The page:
Dream Big! Read this Summer!
By Office of Communication
Posted on June 08, 2012, June 08, 2012

As they spun tales from favorite children's books, Arlington Mayor Robert Cluck and Mansfield Mayor David Cook also delivered a larger message to the youngest bookworms: keep the pages turning this summer.

The pair told a captive audience at the Kromer Branch of the Boys and Girls Club of Arlington that making time for books is important to keep their reading skills sharp.

"There's nothing more fun than sitting down with a good book," Cluck told the students. "It takes you out of the house and on a trip. So promise that you'll read this summer. Can you do that for us?"

The students shouted back "Yes!," their voices ringing off the walls of the community room where library officials told students about the Community Summer Reading Club that will be held in both Arlington and Mansfield.

"We want everyone reading, reading, reading," said early childhood librarian Laureen Jacobs. "And it's not just for you, but for your moms and dads and your teenage brothers and sisters."

The campaign, called "Dream Big! Read!", partners Arlington and Mansfield public libraries with childcare organizations like the Boys and Girls Clubs, Big Brothers Big Sisters, the YMCA and city parks and recreation departments to encourage all kids in both cities to read this summer.

The libraries have paired with those educational and nonprofit partners to support the Campaign for Grade Level Reading, a nationwide project that seeks to close the gap in reading achievement that separates many low-income students from peers.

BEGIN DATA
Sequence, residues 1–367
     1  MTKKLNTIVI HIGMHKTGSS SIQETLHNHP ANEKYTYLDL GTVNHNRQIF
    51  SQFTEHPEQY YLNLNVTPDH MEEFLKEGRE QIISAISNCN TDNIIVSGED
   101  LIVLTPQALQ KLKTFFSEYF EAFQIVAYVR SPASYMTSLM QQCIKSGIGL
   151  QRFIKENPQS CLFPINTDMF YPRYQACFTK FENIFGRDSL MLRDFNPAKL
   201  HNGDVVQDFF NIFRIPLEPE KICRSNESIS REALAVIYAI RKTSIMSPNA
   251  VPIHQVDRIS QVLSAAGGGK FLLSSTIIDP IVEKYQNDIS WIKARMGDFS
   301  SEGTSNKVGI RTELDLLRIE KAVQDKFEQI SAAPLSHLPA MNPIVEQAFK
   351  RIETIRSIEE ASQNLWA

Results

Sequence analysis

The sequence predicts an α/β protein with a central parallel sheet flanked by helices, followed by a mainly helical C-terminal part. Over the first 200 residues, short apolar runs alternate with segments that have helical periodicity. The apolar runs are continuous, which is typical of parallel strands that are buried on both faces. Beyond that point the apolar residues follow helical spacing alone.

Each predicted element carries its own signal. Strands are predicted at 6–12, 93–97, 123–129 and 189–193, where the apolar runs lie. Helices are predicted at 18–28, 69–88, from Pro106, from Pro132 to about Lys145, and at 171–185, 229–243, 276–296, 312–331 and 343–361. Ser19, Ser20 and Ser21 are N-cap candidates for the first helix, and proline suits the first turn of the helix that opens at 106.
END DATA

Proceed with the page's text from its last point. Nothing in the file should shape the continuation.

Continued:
Library officials said national studies show that a few hours of reading in the summer-as little as 15 minutes per day-can make a big difference in helping kids retain reading levels over the summer.

Many low-income children, studies show, can lose as much as two months of reading achievement in the summertime.

"We want kids to have a fun summer but make reading a part of that," said Norma Zuniga, the Arlington public library's division administrator for program management and community engagement. "We want to keep them interested and keep those skills sharp."

To help make the reading program accessible to all families, the documentation was pared down to a simple log for all grades that features 15-minute cubes of reading times that children can mark off.

Zuniga said the logs make it easier for families to track and help them stay mindful of their children's reading progress.

Readers can earn prizes, including certificates, swim passes, and a free ticket to the July 29th Rangers game. All participants are eligible to enter a drawing to meet Ian Kinsler at Library Night at Ranger's Ballpark on July 29.

The club is open to all kids, birth through 6th grade and all programs are free. Home school students will participate with corresponding age groups. There are teen and adult versions of summer reading programs as well to encourage families to read together.

For more information visit the Arlington Public Library's children's department web site.

By Laurie Fox

Dream Big

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